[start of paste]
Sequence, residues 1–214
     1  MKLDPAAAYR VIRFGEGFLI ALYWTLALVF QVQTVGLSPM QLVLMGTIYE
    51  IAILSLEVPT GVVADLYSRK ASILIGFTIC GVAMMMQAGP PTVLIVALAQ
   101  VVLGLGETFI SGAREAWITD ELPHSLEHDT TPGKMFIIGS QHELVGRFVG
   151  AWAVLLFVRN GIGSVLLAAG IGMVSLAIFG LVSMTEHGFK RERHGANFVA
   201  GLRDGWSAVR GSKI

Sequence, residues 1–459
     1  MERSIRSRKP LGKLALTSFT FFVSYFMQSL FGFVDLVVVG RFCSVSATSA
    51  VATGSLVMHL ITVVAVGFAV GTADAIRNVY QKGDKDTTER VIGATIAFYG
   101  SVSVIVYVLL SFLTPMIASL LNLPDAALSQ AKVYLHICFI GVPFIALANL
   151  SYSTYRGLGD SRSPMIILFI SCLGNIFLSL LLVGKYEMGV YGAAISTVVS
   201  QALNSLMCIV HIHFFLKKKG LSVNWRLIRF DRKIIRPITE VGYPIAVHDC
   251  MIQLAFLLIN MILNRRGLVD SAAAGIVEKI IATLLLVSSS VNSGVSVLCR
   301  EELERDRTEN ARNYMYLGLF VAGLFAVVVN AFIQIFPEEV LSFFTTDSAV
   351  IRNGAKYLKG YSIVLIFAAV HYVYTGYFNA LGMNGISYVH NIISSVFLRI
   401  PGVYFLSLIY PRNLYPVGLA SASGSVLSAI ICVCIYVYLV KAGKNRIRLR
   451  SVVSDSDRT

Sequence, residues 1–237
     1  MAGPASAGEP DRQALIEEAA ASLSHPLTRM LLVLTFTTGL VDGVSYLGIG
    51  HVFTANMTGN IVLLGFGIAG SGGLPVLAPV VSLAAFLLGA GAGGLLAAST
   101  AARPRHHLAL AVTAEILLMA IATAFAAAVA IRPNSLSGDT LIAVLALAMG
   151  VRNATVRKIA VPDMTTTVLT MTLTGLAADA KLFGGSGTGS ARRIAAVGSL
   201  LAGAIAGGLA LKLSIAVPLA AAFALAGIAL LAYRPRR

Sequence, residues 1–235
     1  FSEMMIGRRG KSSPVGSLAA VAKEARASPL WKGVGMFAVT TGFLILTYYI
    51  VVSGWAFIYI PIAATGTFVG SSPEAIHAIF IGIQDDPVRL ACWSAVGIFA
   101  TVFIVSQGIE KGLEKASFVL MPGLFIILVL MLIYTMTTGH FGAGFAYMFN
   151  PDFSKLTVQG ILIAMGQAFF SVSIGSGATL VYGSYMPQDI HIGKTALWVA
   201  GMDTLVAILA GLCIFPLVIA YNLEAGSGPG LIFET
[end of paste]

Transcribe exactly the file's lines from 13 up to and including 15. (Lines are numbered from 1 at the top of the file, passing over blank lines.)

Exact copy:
   251  MIQLAFLLIN MILNRRGLVD SAAAGIVEKI IATLLLVSSS VNSGVSVLCR
   301  EELERDRTEN ARNYMYLGLF VAGLFAVVVN AFIQIFPEEV LSFFTTDSAV
   351  IRNGAKYLKG YSIVLIFAAV HYVYTGYFNA LGMNGISYVH NIISSVFLRI